Dendritic spines in the central nervous system undergo rapid actin-based shape changes, making actin regulators potential modulators of spine morphology and synapse formation. Although several potential regulators and effectors for actin organization have been identified, the mechanisms by which these molecules assemble and localize are not understood. Here we show that the G protein-coupled receptor kinase-interacting protein (GIT)1 serves such a function by targeting actin regulators and locally modulating Rac activity at synapses. In cultured hippocampal neurons, GIT1 is enriched in both pre- and postsynaptic terminals and targeted to these sites by a novel domain. Disruption of the synaptic localization of GIT1 by a dominant-negative mutant results in numerous dendritic protrusions and a significant decrease in the number of synapses and normal mushroom-shaped spines. The phenotype results from mislocalized GIT1 and its binding partner PIX, an exchange factor for Rac. In addition, constitutively active Rac shows a phenotype similar to the GIT1 mutant, whereas dominant-negative Rac inhibits the dendritic protrusion formation induced by mislocalized GIT1. These results demonstrate a novel function for GIT1 as a key regulator of spine morphology and synapse formation and point to a potential mechanism by which mutations in Rho family signaling leads to decreased neuronal connectivity and cognitive defects in nonsyndromic mental retardation.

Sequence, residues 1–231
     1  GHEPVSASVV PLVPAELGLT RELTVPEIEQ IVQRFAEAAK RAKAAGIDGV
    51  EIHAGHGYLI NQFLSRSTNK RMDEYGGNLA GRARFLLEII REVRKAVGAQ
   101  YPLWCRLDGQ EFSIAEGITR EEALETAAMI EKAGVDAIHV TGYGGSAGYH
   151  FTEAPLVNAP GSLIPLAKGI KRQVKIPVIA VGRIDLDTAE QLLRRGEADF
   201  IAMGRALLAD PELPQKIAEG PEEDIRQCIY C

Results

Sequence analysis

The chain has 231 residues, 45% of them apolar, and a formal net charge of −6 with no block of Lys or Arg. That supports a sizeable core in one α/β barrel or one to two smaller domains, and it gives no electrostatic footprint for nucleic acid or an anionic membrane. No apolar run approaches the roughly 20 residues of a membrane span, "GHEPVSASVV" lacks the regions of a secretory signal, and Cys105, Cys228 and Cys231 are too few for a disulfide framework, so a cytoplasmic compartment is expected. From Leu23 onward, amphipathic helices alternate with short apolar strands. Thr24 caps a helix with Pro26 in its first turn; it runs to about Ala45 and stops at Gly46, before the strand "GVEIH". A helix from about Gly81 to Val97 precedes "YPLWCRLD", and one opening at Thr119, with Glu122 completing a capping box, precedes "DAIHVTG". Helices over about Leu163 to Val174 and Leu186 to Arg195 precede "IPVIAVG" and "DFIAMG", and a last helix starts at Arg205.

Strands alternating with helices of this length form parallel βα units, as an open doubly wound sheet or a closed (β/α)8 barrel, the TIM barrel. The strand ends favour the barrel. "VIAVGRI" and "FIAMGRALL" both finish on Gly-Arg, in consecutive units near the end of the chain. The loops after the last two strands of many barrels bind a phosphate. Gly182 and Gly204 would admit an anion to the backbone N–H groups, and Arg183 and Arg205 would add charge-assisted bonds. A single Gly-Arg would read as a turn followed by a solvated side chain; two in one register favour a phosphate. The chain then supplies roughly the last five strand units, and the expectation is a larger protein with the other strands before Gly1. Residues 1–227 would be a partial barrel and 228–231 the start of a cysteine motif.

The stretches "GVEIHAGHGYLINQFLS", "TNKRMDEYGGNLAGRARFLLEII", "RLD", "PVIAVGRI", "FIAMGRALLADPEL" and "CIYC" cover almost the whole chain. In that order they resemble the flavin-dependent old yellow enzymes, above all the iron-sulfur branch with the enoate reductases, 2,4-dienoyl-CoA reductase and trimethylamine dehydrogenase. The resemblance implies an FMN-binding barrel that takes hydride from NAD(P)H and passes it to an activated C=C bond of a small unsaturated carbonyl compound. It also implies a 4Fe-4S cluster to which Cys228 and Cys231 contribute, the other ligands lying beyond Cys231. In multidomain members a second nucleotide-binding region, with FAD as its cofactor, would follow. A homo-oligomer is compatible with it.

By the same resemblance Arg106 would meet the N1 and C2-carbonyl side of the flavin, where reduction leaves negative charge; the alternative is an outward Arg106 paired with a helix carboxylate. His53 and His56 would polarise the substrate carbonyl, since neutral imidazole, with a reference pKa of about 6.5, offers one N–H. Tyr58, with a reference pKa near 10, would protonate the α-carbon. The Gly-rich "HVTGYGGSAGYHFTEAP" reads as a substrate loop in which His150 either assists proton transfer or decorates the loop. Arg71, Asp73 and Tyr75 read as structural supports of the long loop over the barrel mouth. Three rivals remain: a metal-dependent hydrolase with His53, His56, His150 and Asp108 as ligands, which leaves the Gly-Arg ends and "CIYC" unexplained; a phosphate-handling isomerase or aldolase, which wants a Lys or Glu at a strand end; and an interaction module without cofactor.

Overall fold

Show MeSH
Related in: MedlinePlus